Though he was relieved as head coach of Cal Poly volleyball only four matches into the season, Jon Stevenson has neither been fired nor has he resigned his position, Mustangs athletic director Don Oberhelman said Sunday.
Oberhelman said it was his decision to replace the seventh-year head coach with third-year assistant coach Caroline Walters prior to the team’s trip to Utah for a three-game tournament this past weekend.
But the athletic director declined to explain specifics of the decision, pending the completion of a separation agreement that the university is negotiating with Stevenson’s attorney. Stevenson remains on Cal Poly’s payroll in the meantime.
“All my decisions are based on what I believe is best for our student athletes,” said Oberhelman, who was hired in March. “The timing, I understand, is probably the worst possible timing you can have for a situation, but I’m new to Cal Poly and needed to study the situations and decided a few weeks ago that this was the best.”
This is the second head coaching change in as many months after former men’s tennis coach Justin McGrath acknowledged resigning in late July amidst an NCAA investigation into his program.
Oberhelman said there was no current NCAA investigation into the volleyball program.
“There’s no NCAA rules when it comes to our student athletes getting a first-rate experience,” Oberhelman said. “When it comes to how you treat people, that’s up to university administration to make those determinations.”
Stevenson tweeted about his lack of access while Cal Poly lost to “inferior teams” Saturday, and he clarified his comments Sunday.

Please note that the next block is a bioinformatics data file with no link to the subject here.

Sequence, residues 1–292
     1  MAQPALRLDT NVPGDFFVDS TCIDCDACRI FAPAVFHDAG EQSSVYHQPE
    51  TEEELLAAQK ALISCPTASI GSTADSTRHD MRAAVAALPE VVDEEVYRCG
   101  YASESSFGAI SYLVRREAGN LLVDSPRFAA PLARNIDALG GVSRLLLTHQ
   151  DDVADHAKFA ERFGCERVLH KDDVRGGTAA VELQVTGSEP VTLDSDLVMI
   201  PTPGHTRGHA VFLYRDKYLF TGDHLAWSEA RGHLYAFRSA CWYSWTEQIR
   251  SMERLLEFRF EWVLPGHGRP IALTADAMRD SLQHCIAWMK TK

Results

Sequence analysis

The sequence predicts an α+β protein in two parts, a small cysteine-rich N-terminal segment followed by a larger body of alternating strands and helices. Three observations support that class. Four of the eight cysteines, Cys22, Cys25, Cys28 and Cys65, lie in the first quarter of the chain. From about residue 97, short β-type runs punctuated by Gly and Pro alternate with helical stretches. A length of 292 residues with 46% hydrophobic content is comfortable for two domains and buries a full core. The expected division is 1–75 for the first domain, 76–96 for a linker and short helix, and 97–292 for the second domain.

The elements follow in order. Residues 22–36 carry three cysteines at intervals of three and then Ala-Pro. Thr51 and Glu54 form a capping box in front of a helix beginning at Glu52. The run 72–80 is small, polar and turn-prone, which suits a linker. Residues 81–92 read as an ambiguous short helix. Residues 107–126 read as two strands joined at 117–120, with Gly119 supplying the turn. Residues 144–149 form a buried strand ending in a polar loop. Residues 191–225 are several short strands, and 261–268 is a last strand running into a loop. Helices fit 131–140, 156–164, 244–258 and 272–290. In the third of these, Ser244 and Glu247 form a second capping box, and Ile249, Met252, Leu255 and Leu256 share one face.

Stevenson said the point of his tweet was to express concern about the student athletes’ experience.
“This team should be winning & the girls should be having a great experience,” Stevenson said via text message before declining the opportunity to speak about being removed from the team.
Since Walters took over the Mustangs, they have lost matches to Michigan, Santa Clara and tournament host Utah Valley over the weekend. They were 3-1 this season under Stevenson, the coach who twice took the team to the NCAA Tournament after a prolonged absence from the postseason.
Oberhelman said it’s still to be determined how long Walters will carry the interim tag. He anticipated a national search for a replacement at some point.
“It’s going to be a highly sought-after position,” Oberhelman said, “because it’s a great job. With that said, it’s in very capable hands, and we’re going to see what she can do.”
Oberhelman did confirm that Stevenson was investigated for rules violations based on allegations made by an anonymous source within the past two years.
Anonymous letters claiming to have correspondence with NCAA enforcement investigators and alleging rules violations were sent to Cal Poly administrators and copied to The Tribune beginning in December and ending prior to Oberhelman’s hiring.
Oberhelman said the resulting investigation yielded no findings of violations and that Stevenson’s removal was not related to those allegations.
“I would say it’s related to a pattern I’ve seen related to our student-athlete welfare,” Oberhelman said.
“I think Jon has a good heart and I think he’s a good person. I just felt like it was best for our volleyball program to have somebody else lead it.”
Walters was Santa Clara’s all-time leader in digs when she completed her senior season with the Broncos in 2007. Since the three-time All-West Coast Conference performer finished her college career, she’s worked as an assistant for the Los Gatos-based Vision Volleyball Club in addition to her years as a Cal Poly assistant.